‘Cancer therapy is a heartbreaker’

WSU researchers identify FOXO1 as protein associated with heart damage, cancer drugs



Zhaokang Cheng works with postdoctoral research associate Peng Xia in their lab. Cheng said heart disease is one of the main causes of death in cancer survivors, other than cancer recurrence.

EMMA LEDBETTER, Evergreen news editor

Researchers in the College of Pharmacy and Pharmaceutical Sciences at WSU Spokane recently pinpointed a protein that plays a critical role in heart damage caused by chemotherapy drugs. 

Zhaokang Cheng, assistant professor and senior author on the study, said cancer treatments have improved a lot in the past several decades and there are more cancer survivors now than ever. However, certain treatments often lead to heart disease. Other than cancer recurrence, heart disease is a leading cause of death in cancer patients.

Though chemotherapy drugs kill cancer cells, they also cause side effects. Cheng’s research examined how these drugs, specifically a class of chemotherapy drugs called anthracyclines, can be toxic and could cause heart damage.

Doxorubicin, a specific type of anthracycline, is used to treat leukemia, lymphoma, breast cancer and many other cancers, Cheng said. 

A previous study from the University of North Carolina at Chapel Hill found that patients who are treated with doxorubicin may have their heart sizes decrease. Cheng said this can be caused by a decrease in cell size (atrophy) or a decrease in the number of heart cells. 

If there is a decrease in cell number, that means there is an increase in cell deaths, or apoptosis, Cheng said. Heart cells cannot proliferate, meaning they cannot regenerate quickly after many die.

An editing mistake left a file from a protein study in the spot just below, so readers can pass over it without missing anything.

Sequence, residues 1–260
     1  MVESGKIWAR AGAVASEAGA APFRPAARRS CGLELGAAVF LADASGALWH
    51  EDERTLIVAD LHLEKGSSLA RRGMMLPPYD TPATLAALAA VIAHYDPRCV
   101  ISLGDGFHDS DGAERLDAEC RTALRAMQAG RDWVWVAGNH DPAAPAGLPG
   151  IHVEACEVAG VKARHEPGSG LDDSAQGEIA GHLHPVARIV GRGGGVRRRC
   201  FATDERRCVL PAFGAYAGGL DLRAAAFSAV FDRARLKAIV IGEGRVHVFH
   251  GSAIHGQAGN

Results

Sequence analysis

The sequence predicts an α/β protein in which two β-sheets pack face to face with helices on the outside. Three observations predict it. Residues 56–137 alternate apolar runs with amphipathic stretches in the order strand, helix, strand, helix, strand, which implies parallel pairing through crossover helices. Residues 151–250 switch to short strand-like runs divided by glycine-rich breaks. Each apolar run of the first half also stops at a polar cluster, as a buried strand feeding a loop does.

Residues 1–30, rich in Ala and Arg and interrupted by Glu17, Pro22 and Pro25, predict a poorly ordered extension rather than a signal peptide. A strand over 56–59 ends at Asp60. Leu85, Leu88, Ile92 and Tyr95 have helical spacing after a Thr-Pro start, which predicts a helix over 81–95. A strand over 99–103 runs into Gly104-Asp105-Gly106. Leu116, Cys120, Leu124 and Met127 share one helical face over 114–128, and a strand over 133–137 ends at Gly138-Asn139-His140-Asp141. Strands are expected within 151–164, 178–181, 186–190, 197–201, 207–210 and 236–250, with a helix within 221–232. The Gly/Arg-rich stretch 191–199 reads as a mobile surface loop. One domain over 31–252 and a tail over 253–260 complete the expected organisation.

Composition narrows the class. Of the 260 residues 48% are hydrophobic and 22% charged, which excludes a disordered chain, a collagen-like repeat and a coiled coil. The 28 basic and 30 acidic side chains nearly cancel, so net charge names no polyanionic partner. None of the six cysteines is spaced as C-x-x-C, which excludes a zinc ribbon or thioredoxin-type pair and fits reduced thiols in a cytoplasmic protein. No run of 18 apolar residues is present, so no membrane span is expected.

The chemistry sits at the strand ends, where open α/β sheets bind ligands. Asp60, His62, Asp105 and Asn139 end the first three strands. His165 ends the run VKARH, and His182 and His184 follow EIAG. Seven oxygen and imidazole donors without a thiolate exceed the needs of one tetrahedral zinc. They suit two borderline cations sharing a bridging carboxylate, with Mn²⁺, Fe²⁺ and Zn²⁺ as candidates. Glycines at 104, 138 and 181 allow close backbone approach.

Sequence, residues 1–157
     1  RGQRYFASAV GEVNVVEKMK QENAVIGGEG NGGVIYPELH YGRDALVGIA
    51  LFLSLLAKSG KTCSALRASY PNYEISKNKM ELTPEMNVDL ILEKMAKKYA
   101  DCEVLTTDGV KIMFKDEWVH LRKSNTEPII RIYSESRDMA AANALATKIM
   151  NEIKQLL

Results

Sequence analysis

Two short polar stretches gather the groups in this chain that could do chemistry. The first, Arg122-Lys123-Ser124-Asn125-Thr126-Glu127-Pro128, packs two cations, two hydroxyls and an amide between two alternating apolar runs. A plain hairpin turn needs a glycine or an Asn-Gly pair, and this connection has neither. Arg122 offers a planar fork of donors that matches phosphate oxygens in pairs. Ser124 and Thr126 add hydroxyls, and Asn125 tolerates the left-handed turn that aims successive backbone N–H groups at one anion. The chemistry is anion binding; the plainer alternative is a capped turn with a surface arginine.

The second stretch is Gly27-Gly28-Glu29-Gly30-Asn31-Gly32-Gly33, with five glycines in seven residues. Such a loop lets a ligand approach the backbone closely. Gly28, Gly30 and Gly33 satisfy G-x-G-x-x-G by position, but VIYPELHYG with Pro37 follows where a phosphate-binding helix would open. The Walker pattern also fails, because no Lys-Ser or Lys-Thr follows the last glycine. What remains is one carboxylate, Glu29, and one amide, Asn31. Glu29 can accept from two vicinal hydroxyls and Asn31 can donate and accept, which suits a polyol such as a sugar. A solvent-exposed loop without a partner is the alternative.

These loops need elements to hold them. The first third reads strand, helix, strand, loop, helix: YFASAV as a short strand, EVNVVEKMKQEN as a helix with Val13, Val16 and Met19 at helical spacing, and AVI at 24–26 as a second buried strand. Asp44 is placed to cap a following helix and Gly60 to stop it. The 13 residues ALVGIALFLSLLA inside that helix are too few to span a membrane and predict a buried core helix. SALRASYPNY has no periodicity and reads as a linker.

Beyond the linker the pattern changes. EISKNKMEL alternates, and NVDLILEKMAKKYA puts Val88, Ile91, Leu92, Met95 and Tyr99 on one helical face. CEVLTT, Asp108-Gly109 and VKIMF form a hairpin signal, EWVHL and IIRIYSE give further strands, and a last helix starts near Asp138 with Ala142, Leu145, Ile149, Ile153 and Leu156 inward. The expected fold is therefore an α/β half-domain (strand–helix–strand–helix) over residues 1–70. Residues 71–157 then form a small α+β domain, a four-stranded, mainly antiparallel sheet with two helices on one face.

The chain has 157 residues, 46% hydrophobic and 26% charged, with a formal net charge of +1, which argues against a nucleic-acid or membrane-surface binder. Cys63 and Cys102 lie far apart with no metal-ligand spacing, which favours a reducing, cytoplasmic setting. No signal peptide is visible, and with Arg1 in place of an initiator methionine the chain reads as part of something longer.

Cheng and other researchers tested doxorubicin in mice in order to determine what causes a decrease in heart size when exposed to the drug. 

In a previous paper published in 2018, Cheng’s team studied how a protein called CDK2 is involved in a signaling mechanism for cell death. A signaling mechanism is a molecular pathway involving multiple molecules or proteins which signal a cell to do something. 

In their current research, they pinpointed FOXO1, another protein involved in the signaling mechanism, Cheng said. 

When CDK2 is activated by doxorubicin, it activates the FOXO1 protein. FOXO1 is then involved in regulating a gene called Bim. When Bim is expressed, cell death occurs. FOXO1 is also involved in regulating a gene called MuRF1, which when activated, leads to atrophy.

Cheng said children are generally more sensitive to chemotherapy, which might mean this signaling pathway is less active in adults. Children may be more likely to experience decreased heart size because of this. 

Once doxorubicin has been used on a patient, side effects can occur up to 10 or 20 years after treatment. This is called chronic toxicity, Cheng said. 

In future studies, he said they would like to research how to prevent both acute (short-term) and chronic (long-term) toxicity caused by chemotherapy.  

Cheng’s team hypothesized that inhibiting or blocking FOXO1 would prevent cell death. When they tested this, they found that hearts treated with a FOXO1 inhibitor and doxorubicin stayed the same size and maintained function. 

Cheng said they hope to test this finding in clinical trials. Pairing doxorubicin with a FOXO1 inhibitor could lead to effective cancer treatment without heart damage. 

“Chemotherapy, cancer treatment, can break the heart … it’s a heartbreaker,” Cheng said. “We’re trying to stop it from doing that; trying to repair a broken heart.”

Students who are interested in future research may contact Cheng by email at [email protected] or apply online for research positions.